"Women do better in sports"

Study shows that women take less time than men to break sporting records

3 min
Shelly-Ann Fraser-Pryce at the Tokyo Olympics

Barcelona"Women do better in sports, because the progression is better". It's that clear. For Jaume Nualart, this conclusion is clear after carrying out a study on the evolution of world records in athletics. "If we look at the progression, in most disciplines women have lowered their records more than men. Sometimes even twice as much", analyses Nualart, PhD, researcher and teacher. Despite entering the Olympic world much later, women have managed to improve their records dramatically. They have practically cut twice as many seconds off the stopwatch in half the time. At the Olympic Games in Tokyo, where athletics has just begun, the marks are trembling before the great athletes, both men and women, who have their sights set on setting a new milestone.

A little less than a hundred years ago, at the 1924 Paris Games, women began to compete in athletics. The irruption of women in this sport was marked by an initial amateurism. This lack of professionalisation is one of the main reasons that led the first athletes to make some marks that could be considered as bad. Later, however, the improvement has been abysmal. "The women's records start to be counted later, so there is a slippage, and they start with a record that is worse. But as with the men, when they started they had much lower records. Women have much more room for improvement", defends Nualart after analysing different athletic disciplines in perspective and checking that this pattern is repeated in most of the events.

The study carried out by Jaume Nualart shows that, in most disciplines, female athletes have managed to reduce their times much faster than male athletes. If we pay attention to the records of each event, the numbers are clear. In the 100m, the ultimate athletics event, women, in 66 years of records, have managed to lower the world record by 2.57 seconds, while men have only reduced it by 1.22 seconds. For now, although they are still far away from the exceptional record set by Florence Griffith with a time of 10.49 seconds, up to six athletes have their times under 11 seconds.

For the time being, it has been possible to corroborate that the progression of women is greater than that of menvin four more events: the 1500m, the 10000m, the Marathon and the High Jump. In all the cases studied, we can see how women have had an exceptional drop in their performances, while in the case of men, despite having much lower records, the progression has been much lower and more gradual.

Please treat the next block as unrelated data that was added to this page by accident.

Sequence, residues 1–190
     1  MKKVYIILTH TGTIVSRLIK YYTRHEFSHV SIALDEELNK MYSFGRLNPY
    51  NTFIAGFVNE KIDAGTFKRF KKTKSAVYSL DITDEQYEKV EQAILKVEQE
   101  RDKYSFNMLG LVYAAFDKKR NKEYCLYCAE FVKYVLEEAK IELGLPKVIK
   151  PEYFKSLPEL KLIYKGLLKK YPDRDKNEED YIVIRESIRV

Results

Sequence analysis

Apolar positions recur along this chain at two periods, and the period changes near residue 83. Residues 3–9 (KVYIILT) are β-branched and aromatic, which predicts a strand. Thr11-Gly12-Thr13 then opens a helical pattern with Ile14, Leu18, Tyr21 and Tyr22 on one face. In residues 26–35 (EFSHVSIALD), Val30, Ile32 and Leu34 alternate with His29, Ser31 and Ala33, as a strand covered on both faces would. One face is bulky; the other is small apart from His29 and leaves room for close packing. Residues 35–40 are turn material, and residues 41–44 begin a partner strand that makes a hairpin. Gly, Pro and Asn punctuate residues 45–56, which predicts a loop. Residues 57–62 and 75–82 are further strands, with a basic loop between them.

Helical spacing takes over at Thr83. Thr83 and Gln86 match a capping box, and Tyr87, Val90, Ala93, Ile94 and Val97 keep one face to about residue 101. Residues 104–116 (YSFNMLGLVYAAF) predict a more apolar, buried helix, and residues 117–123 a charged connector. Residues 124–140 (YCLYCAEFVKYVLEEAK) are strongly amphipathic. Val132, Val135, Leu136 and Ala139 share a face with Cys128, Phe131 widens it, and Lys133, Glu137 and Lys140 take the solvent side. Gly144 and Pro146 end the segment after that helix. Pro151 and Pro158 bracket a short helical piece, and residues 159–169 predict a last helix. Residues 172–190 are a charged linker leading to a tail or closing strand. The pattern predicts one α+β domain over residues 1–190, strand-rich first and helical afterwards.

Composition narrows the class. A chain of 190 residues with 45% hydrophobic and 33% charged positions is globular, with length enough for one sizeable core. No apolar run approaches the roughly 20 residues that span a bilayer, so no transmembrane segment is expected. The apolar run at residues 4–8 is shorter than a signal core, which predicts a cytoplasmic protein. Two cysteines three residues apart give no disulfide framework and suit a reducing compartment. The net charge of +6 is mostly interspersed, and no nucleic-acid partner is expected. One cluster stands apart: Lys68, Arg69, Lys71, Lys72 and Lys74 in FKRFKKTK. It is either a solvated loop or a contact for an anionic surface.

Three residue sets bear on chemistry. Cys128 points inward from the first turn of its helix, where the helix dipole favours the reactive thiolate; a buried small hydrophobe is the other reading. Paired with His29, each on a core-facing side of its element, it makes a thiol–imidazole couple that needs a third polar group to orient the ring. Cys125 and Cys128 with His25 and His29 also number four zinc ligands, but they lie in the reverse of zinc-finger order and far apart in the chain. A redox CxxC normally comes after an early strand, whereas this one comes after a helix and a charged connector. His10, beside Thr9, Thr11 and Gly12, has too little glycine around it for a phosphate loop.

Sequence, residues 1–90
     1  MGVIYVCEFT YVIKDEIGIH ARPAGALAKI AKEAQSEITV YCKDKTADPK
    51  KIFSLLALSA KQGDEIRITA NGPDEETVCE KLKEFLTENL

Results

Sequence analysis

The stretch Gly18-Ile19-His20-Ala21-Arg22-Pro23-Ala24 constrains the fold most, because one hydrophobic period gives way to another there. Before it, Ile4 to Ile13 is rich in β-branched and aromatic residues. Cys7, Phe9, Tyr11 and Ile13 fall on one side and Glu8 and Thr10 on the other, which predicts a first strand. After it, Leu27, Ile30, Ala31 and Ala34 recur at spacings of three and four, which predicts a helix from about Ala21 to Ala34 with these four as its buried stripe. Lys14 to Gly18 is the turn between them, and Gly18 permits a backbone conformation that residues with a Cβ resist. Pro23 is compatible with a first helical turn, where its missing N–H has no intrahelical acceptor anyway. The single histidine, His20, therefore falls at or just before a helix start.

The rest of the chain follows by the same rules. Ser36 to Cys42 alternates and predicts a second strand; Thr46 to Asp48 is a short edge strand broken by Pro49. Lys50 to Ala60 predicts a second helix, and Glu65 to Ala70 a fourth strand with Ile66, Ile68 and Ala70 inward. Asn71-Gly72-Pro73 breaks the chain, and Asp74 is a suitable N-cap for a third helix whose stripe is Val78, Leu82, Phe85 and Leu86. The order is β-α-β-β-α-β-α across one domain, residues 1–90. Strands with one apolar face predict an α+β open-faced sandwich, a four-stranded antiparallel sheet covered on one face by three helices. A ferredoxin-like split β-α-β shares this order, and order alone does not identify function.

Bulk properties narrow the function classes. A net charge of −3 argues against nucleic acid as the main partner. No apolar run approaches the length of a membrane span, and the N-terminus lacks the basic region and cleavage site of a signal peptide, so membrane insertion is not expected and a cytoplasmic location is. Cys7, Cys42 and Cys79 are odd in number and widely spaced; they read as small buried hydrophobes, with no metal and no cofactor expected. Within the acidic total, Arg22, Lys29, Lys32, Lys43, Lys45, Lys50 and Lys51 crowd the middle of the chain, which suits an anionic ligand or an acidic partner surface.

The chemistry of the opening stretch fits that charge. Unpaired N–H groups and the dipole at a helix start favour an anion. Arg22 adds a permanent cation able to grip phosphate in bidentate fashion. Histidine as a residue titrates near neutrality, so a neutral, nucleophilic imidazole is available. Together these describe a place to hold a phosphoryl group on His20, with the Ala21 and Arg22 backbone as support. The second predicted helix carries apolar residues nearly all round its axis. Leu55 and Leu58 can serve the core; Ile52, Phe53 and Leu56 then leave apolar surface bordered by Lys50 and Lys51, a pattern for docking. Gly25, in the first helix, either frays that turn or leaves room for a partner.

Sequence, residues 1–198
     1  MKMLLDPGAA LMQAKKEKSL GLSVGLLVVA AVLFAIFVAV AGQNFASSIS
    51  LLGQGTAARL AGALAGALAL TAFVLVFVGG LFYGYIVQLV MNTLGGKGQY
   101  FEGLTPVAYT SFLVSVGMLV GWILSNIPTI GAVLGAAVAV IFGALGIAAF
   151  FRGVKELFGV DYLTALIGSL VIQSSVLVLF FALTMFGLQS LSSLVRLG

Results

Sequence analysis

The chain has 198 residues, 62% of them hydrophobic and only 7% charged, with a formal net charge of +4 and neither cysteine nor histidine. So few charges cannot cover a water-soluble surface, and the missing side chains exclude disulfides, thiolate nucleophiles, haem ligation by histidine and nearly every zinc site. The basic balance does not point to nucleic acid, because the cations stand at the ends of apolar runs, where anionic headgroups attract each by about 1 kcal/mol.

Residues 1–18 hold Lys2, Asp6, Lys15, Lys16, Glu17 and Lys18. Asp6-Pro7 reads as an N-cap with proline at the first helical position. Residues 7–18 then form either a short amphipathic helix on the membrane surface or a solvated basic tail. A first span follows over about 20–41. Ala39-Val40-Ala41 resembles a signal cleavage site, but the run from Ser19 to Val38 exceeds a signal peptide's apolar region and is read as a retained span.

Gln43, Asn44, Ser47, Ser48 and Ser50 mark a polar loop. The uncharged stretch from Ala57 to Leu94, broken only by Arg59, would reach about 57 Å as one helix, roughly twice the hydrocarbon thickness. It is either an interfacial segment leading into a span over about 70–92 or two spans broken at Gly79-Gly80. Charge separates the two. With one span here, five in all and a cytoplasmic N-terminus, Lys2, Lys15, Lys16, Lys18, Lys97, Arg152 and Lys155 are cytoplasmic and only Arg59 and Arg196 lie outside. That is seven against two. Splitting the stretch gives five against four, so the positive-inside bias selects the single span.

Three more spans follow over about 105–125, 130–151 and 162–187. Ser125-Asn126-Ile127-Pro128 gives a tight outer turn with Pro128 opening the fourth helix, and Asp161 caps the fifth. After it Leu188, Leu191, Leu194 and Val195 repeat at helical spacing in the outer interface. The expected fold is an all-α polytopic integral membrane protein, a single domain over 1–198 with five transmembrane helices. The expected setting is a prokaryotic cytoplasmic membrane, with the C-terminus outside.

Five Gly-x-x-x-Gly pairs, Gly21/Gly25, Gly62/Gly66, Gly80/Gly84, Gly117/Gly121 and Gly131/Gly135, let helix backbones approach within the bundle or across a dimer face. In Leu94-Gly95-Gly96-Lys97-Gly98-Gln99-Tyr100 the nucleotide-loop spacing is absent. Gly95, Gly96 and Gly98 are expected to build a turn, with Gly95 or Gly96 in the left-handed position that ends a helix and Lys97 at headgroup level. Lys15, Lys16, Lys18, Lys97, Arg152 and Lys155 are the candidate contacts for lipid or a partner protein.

The struggle to be there

Breaking records, winning medals, standing on the top step of the podium, lifting trophies and appearing in history books: this is what every athlete dreams of. For both men and women, the goal is the same. The conditions are similar for everyone, but the difficulties to get there have not been the same. Women, despite having more obstacles, have managed to reach and consolidate themselves in the Olympic Games as well as breaking records with great authority.

The first Games, held in the sanctuary of Zeus in Olympia, Greece, were created and designed by and for men. They were not only the protagonists, but the only ones who could enjoy them: women were banned from entering because they were considered inferior.It is not necessary to look far back to see that, although the presence of women in the stands was becoming normalised, it was still unthinkable for them to step on the court. As the years have gone by, and thanks to a constant effort and struggle, the walls have been knocked down. In this sense, the 1900 Paris Games marked an era: they were the first Games where women could participate. From then on, each Olympic cycle opened the door to the possibility of new athletes taking part in the world event until Tokyo, the most equal Games in history (49% female participation). It is true, however, that each sport has shown a different resistance to change. Golf, tennis and sailing all started on the same path in 1900. But athletics did not admit women in some events until 1924, during the second Olympic Games in the French capital.

In Tokyo, athletics is already underway. After a first day longed for by millions of athletes and fans, we have already had the first tasting that has allowed us to see what level the great favourites have reached. Jamaicans Shelly-Ann Fraser-Pryce (Beijing and London sprint queen) and Elaine Thompson (current Olympic champion) are the athletes to beat in the main event. Not even two months ago Fraser ran the 100m in Kingston in 10.63 seconds, the second fastest time in history, just 14 hundredths of a second off the world record. In the final stages of the next few days and the 100m final this Saturday (2.50pm), Tokyo could be the scene that confirms the rule and another women's record could fall into the bag.